Synopses & Reviews
is the most famous of Voltaire's "philosophical tales," in which he combined witty improbabilities with the sanest of good sense. First published in 1759, it was an instant bestseller and has come to be regarded as one of the key texts of the Enlightenment. What Candide
does for chivalric romance, the other tales in this selection--Micromegas, Zadig, The Ingenu
, and The White Bull
--do for science fiction, the Oriental tale, the sentimental novel, and the Old Testament. The most extensive one-volume selection currently available, this new edition includes a new verse translation of the story Voltaire based on Chaucer's The Wife of Bath's Tale: What Pleases the Ladies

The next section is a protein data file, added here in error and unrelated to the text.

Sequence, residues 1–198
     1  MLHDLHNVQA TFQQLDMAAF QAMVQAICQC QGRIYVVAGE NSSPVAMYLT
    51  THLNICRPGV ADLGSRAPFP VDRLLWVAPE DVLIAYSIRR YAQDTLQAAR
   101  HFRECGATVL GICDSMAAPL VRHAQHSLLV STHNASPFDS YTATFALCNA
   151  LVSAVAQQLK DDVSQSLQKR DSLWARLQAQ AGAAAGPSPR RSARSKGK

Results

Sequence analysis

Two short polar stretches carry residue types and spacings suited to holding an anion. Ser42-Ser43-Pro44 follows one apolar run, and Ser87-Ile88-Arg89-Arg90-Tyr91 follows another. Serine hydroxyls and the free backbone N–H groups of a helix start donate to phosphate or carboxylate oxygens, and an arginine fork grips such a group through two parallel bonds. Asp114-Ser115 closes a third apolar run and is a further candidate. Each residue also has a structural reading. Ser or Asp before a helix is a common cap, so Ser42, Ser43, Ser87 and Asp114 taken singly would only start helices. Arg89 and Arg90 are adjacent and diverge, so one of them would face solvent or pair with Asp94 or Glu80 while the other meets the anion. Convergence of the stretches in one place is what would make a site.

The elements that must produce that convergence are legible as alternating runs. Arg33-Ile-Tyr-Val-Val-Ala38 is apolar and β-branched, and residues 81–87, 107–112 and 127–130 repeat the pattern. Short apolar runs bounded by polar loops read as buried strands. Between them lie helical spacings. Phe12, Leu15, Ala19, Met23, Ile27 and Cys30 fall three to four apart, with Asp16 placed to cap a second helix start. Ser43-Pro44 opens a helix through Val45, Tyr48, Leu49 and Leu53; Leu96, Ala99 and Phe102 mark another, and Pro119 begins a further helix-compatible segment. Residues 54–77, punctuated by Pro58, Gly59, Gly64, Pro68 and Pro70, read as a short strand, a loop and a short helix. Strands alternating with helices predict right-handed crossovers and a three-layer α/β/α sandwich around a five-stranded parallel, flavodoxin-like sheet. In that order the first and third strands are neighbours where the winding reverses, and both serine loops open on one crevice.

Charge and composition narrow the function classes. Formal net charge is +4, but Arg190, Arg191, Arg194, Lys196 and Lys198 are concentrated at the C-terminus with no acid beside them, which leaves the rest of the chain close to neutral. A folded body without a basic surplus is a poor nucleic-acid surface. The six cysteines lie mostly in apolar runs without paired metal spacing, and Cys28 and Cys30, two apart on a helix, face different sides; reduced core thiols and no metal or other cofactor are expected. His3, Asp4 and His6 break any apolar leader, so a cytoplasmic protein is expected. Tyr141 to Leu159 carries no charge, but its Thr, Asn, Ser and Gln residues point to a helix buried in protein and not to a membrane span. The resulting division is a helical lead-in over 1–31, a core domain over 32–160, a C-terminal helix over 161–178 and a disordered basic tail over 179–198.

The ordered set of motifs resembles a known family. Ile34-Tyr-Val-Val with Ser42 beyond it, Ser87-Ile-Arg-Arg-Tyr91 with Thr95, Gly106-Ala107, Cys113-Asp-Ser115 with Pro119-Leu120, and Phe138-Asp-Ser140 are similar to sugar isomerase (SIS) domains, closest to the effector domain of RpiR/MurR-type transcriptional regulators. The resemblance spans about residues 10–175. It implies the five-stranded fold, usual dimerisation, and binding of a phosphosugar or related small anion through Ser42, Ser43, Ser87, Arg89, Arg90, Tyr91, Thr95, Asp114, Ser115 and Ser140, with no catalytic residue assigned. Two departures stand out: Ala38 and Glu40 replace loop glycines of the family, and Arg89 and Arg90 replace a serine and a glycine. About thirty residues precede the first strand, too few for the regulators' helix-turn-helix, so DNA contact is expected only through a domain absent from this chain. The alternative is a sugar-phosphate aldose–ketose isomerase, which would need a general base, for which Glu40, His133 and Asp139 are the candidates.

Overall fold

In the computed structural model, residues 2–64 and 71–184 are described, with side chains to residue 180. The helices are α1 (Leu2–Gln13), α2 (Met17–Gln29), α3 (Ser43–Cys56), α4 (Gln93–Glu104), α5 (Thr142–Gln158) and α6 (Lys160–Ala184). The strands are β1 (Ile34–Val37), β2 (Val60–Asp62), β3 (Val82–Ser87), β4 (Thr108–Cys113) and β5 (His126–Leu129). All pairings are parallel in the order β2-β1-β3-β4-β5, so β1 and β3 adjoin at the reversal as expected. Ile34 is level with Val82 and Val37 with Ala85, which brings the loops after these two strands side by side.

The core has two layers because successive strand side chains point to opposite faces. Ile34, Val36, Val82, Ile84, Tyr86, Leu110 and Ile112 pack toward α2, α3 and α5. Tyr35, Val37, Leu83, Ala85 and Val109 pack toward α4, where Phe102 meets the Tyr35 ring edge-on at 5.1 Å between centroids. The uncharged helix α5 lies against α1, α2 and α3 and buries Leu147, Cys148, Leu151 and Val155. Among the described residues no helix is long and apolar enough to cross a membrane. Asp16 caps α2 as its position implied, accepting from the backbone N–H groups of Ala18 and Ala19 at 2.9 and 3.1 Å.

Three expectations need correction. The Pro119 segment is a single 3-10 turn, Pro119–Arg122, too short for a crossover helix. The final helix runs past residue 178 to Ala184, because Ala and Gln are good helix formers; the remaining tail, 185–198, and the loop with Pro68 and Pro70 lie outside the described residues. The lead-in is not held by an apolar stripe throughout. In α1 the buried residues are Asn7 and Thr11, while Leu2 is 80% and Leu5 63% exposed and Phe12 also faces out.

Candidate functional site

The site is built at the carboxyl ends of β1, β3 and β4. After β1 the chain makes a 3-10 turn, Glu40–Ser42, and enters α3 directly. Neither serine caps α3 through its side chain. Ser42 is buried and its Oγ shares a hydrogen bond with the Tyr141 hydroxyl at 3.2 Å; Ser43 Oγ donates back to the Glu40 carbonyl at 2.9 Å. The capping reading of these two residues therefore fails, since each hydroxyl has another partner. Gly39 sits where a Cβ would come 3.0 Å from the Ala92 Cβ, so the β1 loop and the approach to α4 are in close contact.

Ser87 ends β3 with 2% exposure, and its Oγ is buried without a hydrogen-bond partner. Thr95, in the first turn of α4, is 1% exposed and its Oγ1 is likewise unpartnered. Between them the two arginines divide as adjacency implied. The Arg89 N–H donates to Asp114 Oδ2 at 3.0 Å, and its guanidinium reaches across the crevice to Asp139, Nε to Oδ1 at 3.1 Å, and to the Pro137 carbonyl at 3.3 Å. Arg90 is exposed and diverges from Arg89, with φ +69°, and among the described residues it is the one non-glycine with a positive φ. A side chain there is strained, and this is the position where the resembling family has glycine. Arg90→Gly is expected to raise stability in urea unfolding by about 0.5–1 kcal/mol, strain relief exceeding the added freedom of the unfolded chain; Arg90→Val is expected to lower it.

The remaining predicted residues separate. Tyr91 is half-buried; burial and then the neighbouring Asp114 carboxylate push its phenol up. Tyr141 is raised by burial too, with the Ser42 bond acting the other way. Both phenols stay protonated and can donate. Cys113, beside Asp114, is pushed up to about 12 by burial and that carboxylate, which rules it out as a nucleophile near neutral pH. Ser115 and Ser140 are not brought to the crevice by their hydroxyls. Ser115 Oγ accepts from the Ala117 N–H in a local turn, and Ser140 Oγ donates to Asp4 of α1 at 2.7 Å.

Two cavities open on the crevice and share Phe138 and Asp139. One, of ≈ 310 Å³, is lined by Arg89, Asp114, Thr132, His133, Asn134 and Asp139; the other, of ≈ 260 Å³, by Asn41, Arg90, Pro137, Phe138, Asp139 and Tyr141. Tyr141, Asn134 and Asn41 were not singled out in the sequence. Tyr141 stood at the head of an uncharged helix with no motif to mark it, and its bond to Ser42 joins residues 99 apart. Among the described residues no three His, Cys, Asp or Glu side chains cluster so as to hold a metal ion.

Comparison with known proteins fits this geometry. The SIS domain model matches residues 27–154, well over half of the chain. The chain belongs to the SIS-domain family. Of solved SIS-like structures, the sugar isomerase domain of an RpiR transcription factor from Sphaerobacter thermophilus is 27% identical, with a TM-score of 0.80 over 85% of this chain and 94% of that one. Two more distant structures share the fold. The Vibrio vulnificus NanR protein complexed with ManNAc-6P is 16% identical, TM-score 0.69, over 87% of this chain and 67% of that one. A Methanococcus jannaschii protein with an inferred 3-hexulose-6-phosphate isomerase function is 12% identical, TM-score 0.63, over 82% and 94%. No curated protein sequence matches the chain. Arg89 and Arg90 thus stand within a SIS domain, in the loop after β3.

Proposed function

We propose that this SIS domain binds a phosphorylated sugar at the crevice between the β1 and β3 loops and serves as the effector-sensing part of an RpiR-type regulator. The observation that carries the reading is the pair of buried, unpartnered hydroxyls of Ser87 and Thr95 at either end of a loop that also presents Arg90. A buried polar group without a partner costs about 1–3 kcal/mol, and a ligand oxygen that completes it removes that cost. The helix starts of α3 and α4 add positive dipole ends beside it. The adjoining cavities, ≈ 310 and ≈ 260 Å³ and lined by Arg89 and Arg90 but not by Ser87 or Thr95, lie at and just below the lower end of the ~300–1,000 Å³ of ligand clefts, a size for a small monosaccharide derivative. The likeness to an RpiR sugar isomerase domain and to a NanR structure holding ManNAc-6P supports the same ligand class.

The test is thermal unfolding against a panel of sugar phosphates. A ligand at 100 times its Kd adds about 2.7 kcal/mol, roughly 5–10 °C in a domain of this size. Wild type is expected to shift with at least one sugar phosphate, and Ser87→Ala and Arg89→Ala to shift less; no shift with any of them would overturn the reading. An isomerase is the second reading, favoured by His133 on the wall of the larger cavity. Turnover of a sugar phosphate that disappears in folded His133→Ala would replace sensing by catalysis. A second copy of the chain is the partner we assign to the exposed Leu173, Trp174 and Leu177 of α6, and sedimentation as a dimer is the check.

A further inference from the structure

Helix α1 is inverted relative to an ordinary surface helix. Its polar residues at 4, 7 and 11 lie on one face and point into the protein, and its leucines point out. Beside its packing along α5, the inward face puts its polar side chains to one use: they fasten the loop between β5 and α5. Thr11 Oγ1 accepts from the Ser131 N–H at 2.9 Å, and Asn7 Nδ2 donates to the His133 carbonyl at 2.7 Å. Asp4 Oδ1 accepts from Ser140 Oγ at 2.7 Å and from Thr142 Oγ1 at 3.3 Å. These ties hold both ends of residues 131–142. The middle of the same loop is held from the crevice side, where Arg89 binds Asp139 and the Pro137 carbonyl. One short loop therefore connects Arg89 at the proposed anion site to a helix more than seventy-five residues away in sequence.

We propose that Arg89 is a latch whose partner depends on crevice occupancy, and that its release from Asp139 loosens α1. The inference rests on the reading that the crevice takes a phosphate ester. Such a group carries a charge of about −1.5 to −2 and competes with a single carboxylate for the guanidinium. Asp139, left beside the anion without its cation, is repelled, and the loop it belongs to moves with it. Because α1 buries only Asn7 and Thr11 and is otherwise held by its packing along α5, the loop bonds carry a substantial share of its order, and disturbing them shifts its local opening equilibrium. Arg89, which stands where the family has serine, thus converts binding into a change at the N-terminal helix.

and opens with a revised introduction that reflects recent critical debates, including a new section on Candide.
About the Series: For over 100 years Oxford World's Classics has made available the broadest spectrum of literature from around the globe. Each affordable volume reflects Oxford's commitment to scholarship, providing the most accurate text plus a wealth of other valuable features, including expert introductions by leading authorities, voluminous notes to clarify the text, up-to-date bibliographies for further study, and much more.
About the Author
In addition to Voltaire, Roger Pearson has translated Zola, La Bête humaine
, and Maupassant, A Life
for OWC, and Zola's Germinal
Table of Contents
The White Bull
What Pleases the Ladies